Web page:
Pregnant drinking 'affects sperm'

By Emma Wilkinson
Health reporter, BBC News, in Rome

Image caption,
The relationship between drinking and sperm quality is not clear

Women who drink during pregnancy may be damaging the future fertility of their sons, research suggests.

In a study of almost 350 young men, sperm levels were a third lower in those whose mothers had drunk more than four drinks a week during pregnancy compared with teetotallers.

The Danish researchers told a fertility conference these men may have a harder time getting their partner pregnant.

UK experts said alcohol may not be the issue, but a marker for other factors.

Current advice is to avoid alcohol during pregnancy, but those who do so are advised to have no more than one or two units of alcohol once or twice a week.

The study included men, now aged between 18 and 21, whose mothers had taken part in a large study on lifestyle while they were pregnant with them.

Researchers told the European Society of Human Reproduction and Embryology conference that they split the men into four groups - those whose mothers drank nothing, those who had one to one and a half drinks a week, two to four drinks a week, or more than four drinks a week.

One drink was classed as a beer, small glass of wine or one measure of spirits.

Four drinks in the study is equivalent to around six UK units.

When they looked at sperm counts in the men's semen samples, they found those with the highest alcohol exposure in the womb had average concentrations of 25 million per millilitre compared with 40 million/ml in those whose mothers drank no alcohol.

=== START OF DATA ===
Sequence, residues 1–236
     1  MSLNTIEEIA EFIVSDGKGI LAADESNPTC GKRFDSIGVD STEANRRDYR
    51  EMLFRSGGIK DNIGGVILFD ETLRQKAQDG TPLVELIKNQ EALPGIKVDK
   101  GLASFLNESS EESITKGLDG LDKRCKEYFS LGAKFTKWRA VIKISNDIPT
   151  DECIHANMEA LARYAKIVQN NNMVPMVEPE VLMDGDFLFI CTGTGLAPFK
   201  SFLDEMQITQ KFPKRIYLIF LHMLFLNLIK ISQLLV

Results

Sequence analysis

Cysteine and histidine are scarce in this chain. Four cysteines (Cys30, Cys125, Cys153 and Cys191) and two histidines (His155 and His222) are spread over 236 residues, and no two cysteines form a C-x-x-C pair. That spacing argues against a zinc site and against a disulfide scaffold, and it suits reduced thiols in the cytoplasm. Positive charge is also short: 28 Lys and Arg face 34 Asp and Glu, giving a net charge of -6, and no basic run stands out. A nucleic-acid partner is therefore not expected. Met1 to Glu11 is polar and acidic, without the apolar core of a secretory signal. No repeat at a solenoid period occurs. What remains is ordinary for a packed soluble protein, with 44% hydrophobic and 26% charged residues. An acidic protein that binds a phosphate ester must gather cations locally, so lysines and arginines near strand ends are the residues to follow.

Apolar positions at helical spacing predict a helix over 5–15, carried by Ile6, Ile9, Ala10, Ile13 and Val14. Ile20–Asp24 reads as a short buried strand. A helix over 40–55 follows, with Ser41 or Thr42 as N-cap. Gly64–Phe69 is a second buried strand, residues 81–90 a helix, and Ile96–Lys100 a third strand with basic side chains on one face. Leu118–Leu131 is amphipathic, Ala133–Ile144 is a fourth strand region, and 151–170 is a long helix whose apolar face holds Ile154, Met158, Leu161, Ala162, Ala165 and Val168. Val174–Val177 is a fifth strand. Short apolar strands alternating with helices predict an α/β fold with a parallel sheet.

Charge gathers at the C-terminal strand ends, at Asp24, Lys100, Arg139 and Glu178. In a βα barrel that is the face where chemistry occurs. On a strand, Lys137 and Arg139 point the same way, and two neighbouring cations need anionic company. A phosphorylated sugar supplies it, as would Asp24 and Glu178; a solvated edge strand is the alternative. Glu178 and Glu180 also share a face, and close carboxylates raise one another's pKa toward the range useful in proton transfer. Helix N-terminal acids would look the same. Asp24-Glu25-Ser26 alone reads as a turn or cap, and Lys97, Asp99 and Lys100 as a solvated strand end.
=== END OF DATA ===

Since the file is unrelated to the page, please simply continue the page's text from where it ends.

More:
After adjusting for factors which might influence sperm, such as smoking and medical history, they calculated that average sperm concentration was 32% lower in the highest alcohol group than the abstinence group.

Fertility effects

The World Health Organization says that a normal range of sperm is 20 to 40 million/ml.

It is known that lower concentrations of sperm - even within the normal range - may mean it takes longer to conceive.

Study leader Dr Cecilia Ramlau-Hansen, from Aarhus University Hospital, said that if the link is proven in further studies, it may explain why semen quality seems to have fallen in recent decades.

"If exposure to alcohol in foetal life causes poor semen quality in adult life, we would expect that populations with many pregnant women drinking, possibly heavily, in pregnancy would have lower fertility in comparison with populations where pregnant women do not drink."

Dr Allan Pacey, senior lecturer in andrology at the University of Sheffield, said the study was very interesting and supported the theory that male fertility was influenced at an early stage by factors in the womb.

But he pointed out that the low sperm levels seen did not equate to infertility.

"I don't think we can be certain that alcohol is necessarily the bad thing here - it could be a surrogate marker for something else - but clearly there is some kind of relationship.

"It needs following up but it might help us understand factors which affect testicle development in the womb."

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